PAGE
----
Flexible Completion Options
As a full-time student taking 12 or more credit hours per semester, you would be able to complete the program in two years. Our flexible scheduling also offers the option of pursuing the M.A.T. in adolescence education: English (7-12) over multiple years and on a part-time basis.
The M.A.T. is designed for individuals who have completed a bachelor's degree and are seeking a teaching certificate in adolescence education: English (7-12). It is not open to students who already have initial certification in secondary English. The program provides
- the pedagogical course work, practica and student teaching experiences necessary for the initial certificate that qualifies individuals to teach in the public schools in New York State;
- the opportunity for advanced study in English and the language arts; and
- the master's degree necessary for the professional certificate in adolescence education: English (7‑12).
A minimum of 46-51 credit hours of approved graduate study as described hereafter is required for the M.A.T. A minimum of nine credit hours must be taken at the 600-level.
At the State University of New York College at Cortland, we seek a diverse and academically strong student body. Our admission policy and practice will not discriminate on the basis of age, race, religion, sex, sexual orientation, disability, national origin or marital status.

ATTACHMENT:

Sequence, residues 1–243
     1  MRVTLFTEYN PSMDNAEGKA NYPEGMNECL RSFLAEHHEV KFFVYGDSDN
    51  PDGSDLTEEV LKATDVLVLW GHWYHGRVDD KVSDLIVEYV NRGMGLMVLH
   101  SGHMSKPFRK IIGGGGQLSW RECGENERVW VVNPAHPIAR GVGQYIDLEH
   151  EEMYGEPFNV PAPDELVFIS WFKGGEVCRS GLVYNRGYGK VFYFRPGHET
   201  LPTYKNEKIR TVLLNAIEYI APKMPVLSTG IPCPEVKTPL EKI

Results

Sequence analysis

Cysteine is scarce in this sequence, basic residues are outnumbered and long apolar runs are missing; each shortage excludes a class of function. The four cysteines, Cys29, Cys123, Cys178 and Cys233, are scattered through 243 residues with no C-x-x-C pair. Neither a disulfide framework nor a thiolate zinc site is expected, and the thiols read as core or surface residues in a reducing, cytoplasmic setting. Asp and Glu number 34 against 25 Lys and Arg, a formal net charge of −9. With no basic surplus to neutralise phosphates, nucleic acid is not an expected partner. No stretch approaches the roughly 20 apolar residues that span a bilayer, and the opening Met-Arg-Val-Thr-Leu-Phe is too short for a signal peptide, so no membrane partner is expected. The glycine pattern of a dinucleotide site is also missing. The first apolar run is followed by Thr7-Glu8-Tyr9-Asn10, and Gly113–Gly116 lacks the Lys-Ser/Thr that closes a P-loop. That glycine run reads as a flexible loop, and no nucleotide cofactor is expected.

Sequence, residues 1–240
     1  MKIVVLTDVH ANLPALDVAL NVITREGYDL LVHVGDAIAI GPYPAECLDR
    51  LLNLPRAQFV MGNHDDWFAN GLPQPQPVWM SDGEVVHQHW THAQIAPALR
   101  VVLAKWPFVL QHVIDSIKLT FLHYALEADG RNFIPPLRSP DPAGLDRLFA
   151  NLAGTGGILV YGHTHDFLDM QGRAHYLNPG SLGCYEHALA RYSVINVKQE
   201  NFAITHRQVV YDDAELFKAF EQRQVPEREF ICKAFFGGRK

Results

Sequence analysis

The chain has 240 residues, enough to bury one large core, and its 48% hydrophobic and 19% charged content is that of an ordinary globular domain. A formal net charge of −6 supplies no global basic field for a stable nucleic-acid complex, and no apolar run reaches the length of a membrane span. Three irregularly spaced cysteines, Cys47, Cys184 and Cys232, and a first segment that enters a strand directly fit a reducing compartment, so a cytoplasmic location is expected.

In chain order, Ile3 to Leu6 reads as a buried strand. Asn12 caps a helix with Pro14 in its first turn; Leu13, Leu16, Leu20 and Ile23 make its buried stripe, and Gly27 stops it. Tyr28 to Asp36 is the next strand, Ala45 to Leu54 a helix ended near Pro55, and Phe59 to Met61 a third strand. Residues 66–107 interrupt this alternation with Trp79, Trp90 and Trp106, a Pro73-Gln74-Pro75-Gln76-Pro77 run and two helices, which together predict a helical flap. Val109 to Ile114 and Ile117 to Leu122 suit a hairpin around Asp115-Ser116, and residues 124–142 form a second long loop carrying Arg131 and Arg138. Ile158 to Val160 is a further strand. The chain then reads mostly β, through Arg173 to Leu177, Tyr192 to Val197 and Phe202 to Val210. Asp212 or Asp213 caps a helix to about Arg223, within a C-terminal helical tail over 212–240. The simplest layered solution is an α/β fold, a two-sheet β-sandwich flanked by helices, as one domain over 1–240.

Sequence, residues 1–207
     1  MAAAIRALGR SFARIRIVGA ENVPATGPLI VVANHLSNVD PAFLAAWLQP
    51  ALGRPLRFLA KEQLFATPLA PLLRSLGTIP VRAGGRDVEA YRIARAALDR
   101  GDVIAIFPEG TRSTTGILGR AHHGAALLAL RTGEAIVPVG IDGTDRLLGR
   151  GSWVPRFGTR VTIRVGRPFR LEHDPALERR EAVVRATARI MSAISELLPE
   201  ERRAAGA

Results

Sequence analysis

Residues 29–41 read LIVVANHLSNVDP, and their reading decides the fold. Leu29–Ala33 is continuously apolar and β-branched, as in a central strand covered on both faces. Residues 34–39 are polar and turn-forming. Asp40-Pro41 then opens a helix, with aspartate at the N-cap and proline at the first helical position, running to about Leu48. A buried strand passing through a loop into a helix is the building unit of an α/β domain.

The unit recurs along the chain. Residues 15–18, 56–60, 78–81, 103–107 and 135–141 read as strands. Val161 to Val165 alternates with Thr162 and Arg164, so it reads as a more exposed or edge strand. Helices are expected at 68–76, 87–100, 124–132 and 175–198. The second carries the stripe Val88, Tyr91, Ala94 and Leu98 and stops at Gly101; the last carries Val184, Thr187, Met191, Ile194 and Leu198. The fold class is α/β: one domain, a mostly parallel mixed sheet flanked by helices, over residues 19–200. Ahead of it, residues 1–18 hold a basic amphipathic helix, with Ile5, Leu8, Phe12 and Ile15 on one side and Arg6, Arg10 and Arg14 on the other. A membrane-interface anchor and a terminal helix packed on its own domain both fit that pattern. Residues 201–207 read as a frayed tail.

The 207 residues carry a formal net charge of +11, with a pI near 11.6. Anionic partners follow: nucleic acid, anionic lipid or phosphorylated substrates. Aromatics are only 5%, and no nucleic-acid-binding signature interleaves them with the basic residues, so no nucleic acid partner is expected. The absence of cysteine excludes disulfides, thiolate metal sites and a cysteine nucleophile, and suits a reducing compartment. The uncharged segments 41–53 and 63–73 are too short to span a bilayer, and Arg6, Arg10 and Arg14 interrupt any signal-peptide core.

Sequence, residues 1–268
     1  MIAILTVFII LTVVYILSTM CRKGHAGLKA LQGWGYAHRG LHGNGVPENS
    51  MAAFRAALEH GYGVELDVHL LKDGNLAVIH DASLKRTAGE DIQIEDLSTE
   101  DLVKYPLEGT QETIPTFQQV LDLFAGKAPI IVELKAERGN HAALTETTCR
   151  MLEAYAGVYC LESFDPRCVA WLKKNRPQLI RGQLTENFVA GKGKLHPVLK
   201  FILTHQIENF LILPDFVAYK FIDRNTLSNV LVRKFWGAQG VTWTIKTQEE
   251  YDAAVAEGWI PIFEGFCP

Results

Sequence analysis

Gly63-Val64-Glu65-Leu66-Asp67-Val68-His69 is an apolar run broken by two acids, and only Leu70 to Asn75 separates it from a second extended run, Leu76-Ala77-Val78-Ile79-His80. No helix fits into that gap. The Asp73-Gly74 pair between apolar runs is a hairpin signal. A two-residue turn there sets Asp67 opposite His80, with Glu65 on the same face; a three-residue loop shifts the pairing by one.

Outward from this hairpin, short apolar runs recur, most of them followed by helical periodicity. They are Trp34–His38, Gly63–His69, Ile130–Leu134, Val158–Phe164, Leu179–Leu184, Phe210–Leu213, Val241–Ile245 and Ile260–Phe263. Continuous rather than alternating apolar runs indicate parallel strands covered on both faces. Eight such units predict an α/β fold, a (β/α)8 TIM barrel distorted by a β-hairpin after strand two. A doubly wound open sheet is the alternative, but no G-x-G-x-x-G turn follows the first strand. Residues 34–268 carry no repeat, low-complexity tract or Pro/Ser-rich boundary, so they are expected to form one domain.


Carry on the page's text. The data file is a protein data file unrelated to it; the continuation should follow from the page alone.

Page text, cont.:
- Completed online Graduate School Application - Apply Now
- Official transcripts from all institutions of higher learning attended to be forwarded directly to SUNY Cortland Graduate Admissions Office, indicating a major in a liberal arts area Note: candidates for admission must present evidence of bachelor's degree conferral prior to the start of their academic program.
- Two letters of reference, preferably from from undergraduate professors teaching in English, writing or comparative literature courses (submitted online with the application)
- New York State mandates that all SUNY teacher preparation programs adopt college entrance assessments for admissions consideration. Anyone submitting an application for admission is required to submit scores for either the Graduate Record Examination (GRE), with a minimum score of 280, or Miller Analogies Test (MAT), with a minimum score of 375.
Preference will be given to candidates with the following:
- An overall undergraduate grade point average of 3.0 and above on a 4.0 scale
- An overall undergraduate grade point average of at least 3.0 in English courses, writing or comparative literature courses
- A minimum of 24 credit hours of approved undergraduate courses in English, writing or comparative literature
- A foreign language is desirable at the time of admission, but the requirement may be met concurrently with graduate study. Competency in a foreign language is defined as the skill level attained by one year of college-level study or the equivalent of a language other than English.
Fall semester applications: July 1
Spring semester applications: Dec. 1
Summer semester applications: April 1
Applications submitted after the deadline may be considered on a space availability basis.
Please contact the Graduate Admissions Office at 607-753-4800 to check availability.